When sections are damaged beyond repair or a critical section cannot be repaired, composite materials are recyclable. Carbon fiber can be reclaimed from cured composite sections and re-used in other products. Thermoplastic composites can often be reused through heating and reforming the material. Resin systems can be pyrolyzed to recover the carbon fiber and the pyrolysis process can produce fuel which can be used to help power the pyroloysis process.
Carbon fiber composite materials have been used for primary structures in the aerospace industry for many years, and it has proven to be a safe and reliable material. In fact, carbon fiber composites require less maintenance than a metal airframe, do not corrode, and are much more vibration fatigue resistant. The acoustic performance of the UAM is also a very important consideration, both for the comfort of the passenger as well as for the urban environments where they will operate. Composite materials coupled with honeycomb core materials can be tailored to dampen much of the noise coming from engines and rotating equipment. Composite materials can also be tuned for electromagnetic frequency transmission and absorption which will be an important need for communication and sensor systems that will be part of these systems.
Qualified for Aerospace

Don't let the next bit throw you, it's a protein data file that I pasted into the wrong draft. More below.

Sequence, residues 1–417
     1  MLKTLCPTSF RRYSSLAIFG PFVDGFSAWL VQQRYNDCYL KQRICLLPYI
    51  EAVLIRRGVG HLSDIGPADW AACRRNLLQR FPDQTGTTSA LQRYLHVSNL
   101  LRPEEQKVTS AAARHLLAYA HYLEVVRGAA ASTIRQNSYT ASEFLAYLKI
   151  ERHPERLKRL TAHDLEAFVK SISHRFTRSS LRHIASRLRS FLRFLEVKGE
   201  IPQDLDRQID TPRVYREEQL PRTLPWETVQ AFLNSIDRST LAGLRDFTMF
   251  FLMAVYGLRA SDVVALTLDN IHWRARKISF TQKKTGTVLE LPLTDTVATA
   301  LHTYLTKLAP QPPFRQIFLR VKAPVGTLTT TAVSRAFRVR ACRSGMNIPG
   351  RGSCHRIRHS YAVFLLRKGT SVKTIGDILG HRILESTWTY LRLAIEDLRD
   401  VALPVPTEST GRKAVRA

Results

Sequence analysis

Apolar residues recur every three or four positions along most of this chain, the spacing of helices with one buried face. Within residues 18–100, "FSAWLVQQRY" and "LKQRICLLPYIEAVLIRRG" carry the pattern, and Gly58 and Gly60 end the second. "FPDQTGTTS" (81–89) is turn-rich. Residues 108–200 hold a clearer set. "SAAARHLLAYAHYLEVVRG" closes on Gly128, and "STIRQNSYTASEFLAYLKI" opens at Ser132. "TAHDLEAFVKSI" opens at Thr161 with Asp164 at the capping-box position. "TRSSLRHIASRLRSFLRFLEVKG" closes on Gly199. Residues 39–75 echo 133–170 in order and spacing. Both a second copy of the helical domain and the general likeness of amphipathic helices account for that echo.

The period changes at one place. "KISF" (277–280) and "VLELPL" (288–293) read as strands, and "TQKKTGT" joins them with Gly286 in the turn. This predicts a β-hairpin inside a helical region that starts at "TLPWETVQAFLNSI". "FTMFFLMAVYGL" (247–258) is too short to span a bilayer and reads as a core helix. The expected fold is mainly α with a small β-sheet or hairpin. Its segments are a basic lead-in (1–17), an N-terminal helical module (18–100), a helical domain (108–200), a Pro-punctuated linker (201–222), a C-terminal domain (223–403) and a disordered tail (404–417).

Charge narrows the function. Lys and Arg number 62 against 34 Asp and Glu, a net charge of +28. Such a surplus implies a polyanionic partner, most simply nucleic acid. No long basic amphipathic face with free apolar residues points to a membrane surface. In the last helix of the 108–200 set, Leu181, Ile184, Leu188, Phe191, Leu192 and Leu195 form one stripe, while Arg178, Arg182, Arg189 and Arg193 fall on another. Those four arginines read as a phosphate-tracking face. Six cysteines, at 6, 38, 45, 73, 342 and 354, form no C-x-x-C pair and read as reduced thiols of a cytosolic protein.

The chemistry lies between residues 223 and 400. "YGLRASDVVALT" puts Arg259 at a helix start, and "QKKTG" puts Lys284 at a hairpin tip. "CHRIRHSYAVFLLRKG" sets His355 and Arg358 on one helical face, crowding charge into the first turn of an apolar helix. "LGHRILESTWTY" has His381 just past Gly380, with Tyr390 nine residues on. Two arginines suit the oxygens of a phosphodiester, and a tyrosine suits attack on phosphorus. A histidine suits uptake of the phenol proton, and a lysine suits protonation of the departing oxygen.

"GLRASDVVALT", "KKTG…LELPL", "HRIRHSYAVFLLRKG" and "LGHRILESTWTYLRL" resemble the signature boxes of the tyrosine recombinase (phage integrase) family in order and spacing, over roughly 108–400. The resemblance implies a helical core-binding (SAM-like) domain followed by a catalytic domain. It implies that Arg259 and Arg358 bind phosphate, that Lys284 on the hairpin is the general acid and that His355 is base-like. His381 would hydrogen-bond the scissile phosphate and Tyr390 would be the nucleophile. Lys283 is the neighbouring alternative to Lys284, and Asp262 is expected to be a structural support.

Carbon composites and honeycomb core systems have been used in aerospace vehicles for more than 50 years and are well understood. New generation commercial airplanes are constructed with 50% carbon composites by weight. Carbon fiber composites are selected because of their excellent stiffness and strength and low weight so they are the ideal choice for UAM where strength, stiffness, and weight will all be important. The extensive experience in using composites for aerospace can be relied on for the emerging UAM market.
Composites coupled with honeycomb core systems have been used for decades to dampen the noise coming from jet engines. New honeycomb core systems are further reducing the noise in aviation systems and can be used to dampen noise in electric drive and rotor systems. Composite stiffness can be modified and controlled throughout the structure to dampen vibration and provide for a smoother and quieter ride. A quiet UAM system will be key if these systems are to be operated extensively in urban environments.